Lyme disease is an increasingly common threat to public health. Incidences of Lyme disease in the United States reportedly doubled between 1991 and 2014, and this statistic doesn’t take into account the numerous undiagnosed/misdiagnosed cases of this insidious disease.
The good news about the rise of Lyme disease is that many more practitioners (and people in general) are beginning to get a better understanding of it. Patients are learning to spot signs of Lyme disease, and physicians are becoming more adept at diagnosing and treating it.
Unfortunately, Lyme disease is a complex condition, and we still have a lot to learn. One of the areas of Lyme research causing confusion revolves around the other types of infections that frequently affect patients with Lyme disease.
It’s widely understood that Lyme disease itself is caused by the bacterium Borrelia burgdorferi, which is transmitted through the bite of a black-legged tick (also known as an Ixodes tick or deer tick). What many people don’t know is that disease vectors like ticks may carry many different strains of bacteria as well as viruses, protozoans, and fungi, all of which can be transmitted in a single bite. As a result, many people with Lyme disease also have co-infections – diseases they acquired at the same time they were infected with Lyme.
To make matters even more complicated, Lyme patients frequently experience opportunistic infections, which are diseases that take advantage of a weakened immune system to infect a host. A subset of these illnesses, called re-activated opportunistic infections, consists of latent infections already present in the host, which lie in wait for a weakened immune system to re-activate themselves and re-infect the host.
Even among people who are aware of the co-infections that often accompany Lyme disease, “co-infection” is often misused as an umbrella term that also includes opportunistic infections and re-activated opportunistic infections. While these types of infections are similar in that they can all occur along with Lyme disease, they are not the same. Let’s take a closer look at the difference between co-infections and opportunistic infections.
Co-infections: transmitted along with Lyme
In a single tick bite, a person can be infected with Lyme disease and a host of other illnesses at the same time. These co-infections are quite common; one recently-published survey of people with chronic Lyme disease showed that over 50% had co-infections, with 30% reporting two or more of them.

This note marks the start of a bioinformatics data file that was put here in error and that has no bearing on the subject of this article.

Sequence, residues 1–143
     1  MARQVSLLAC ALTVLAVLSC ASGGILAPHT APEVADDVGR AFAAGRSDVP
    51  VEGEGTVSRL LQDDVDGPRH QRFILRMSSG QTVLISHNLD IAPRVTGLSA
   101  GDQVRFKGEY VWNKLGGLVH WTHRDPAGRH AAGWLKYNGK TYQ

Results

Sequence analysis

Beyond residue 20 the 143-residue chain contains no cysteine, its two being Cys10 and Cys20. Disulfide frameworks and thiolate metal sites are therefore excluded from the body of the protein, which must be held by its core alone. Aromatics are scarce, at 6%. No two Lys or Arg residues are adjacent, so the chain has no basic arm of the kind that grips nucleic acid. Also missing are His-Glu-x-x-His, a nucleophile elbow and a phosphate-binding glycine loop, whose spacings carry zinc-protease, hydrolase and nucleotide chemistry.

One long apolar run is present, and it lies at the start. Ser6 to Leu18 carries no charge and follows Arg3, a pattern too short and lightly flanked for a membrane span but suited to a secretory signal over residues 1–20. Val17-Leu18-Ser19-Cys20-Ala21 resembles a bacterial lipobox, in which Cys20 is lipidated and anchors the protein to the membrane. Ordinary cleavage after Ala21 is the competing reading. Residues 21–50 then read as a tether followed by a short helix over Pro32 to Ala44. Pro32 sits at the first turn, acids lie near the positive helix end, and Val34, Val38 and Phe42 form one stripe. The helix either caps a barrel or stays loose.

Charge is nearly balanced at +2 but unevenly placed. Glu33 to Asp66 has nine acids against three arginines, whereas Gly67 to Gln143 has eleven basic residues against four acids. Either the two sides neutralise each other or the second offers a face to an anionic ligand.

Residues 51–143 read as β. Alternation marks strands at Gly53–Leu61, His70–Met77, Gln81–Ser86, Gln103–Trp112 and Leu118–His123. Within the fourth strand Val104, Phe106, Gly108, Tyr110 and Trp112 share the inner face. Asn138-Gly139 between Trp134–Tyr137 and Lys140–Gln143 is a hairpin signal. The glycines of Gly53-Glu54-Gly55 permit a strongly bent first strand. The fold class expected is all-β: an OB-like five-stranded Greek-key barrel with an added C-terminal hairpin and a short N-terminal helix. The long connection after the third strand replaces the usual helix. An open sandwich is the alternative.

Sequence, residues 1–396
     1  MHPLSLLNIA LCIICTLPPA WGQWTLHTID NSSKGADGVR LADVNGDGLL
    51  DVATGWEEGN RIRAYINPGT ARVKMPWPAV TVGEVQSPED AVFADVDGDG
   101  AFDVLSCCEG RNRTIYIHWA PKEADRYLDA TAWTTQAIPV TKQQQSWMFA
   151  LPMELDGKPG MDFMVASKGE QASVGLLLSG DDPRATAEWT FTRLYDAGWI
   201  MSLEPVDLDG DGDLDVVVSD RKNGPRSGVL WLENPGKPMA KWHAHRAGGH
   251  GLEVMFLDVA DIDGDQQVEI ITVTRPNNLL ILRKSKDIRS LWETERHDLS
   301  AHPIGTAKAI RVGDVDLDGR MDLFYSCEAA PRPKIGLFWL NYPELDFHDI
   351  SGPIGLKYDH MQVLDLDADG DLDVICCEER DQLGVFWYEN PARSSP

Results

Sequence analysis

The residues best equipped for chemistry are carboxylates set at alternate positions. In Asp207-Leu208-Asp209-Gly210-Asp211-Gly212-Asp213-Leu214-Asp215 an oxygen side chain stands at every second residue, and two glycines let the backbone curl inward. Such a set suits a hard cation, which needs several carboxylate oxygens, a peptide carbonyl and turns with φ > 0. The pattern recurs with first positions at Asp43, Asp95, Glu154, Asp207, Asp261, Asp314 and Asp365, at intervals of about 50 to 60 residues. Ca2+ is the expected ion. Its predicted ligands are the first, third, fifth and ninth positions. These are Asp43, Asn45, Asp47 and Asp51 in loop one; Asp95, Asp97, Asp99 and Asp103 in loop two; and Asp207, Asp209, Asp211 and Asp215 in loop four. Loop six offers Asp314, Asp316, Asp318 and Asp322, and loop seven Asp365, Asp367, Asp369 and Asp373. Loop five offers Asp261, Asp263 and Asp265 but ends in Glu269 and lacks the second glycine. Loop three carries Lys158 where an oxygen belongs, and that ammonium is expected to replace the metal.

Some of the co-infections that often occur in people with Lyme disease are:
Babesiosis, caused by a malaria-like parasite called Babesia
Bartonellosis, caused by Bartonella bacteria
Rocky Mountain spotted fever, caused by Rickettsia bacteria
Ehrlichiosis/anaplasmosis, caused by Ehrlichia parasites
Because even Lyme-savvy physicians aren’t always aware of their existence, these co-infections can be difficult to diagnose and treat. But a Lyme patient with one or more co-infections can’t be truly healthy unless these illnesses are also addressed.
Compromised immunity in Lyme disease patients can lead to opportunistic infections.
Opportunistic infections: taking advantage of weak defenses
Unlike co-infections, opportunistic infections aren’t transmitted by ticks. Instead, these diseases take hold after a person has been infected with Lyme disease. Since many people with chronic Lyme disease experience weakened or suppressed immunity, opportunistic infections are able to move in. These illnesses bring their own symptoms, adding to and exacerbating the challenge of treating a Lyme patient. Opportunistic organisms that commonly prey on people with compromised immune systems include:
Candida albicans, which can cause thrush, yeast infections, and invasive candidiasis
Chlamydia pneumoniae, which can cause severe community-acquired pneumonia
Mycoplasma pneumoniae, which can cause respiratory infections
Another type of opportunistic infection that can affect people with Lyme disease is known as re-activated opportunistic infection. These illnesses are already present in the body of a person with Lyme disease, but they remain latent until lowered immune function allows them the opportunity to re-activate. Like opportunistic infections, re-activated opportunistic infections aren’t the result of a tick bite; rather, they’re caused by the same types of organisms that cause opportunistic infections. They are dormant in the body of people before they’re bitten, and are able to re-infect the host once immunity is weakened by Lyme disease.
One category of re-activated opportunistic infection that sometimes affects people with Lyme disease is those from the Herpes family. These include:
Cytomegalovirus (CMV) infection
Epstein-Barr virus (EBV)
Human herpesvirus 6 (HHV-6)
Most people will become infected with one or more of these viruses at some point in their lives. Healthy individuals don’t usually experience symptoms, but these infections may re-activate in patients with weakened immune systems.
There is still much to learn about co-infections and opportunistic infections in Lyme patients.
Treating co-infections and opportunistic infections: understanding is key
The general public is becoming increasingly alert to the threat of Lyme disease, and health care professionals are doing a better job of diagnosing and treating it. However, much education is still needed when it comes to understanding co-infections and opportunistic infections – and this starts with recognizing the differences between the two.
Once practitioners and patients understand that co-infections and opportunistic infections often accompany Lyme disease, and that they need to be diagnosed and treated separately, people with chronic Lyme will have a better chance of recovering from all types of infection and regaining their health.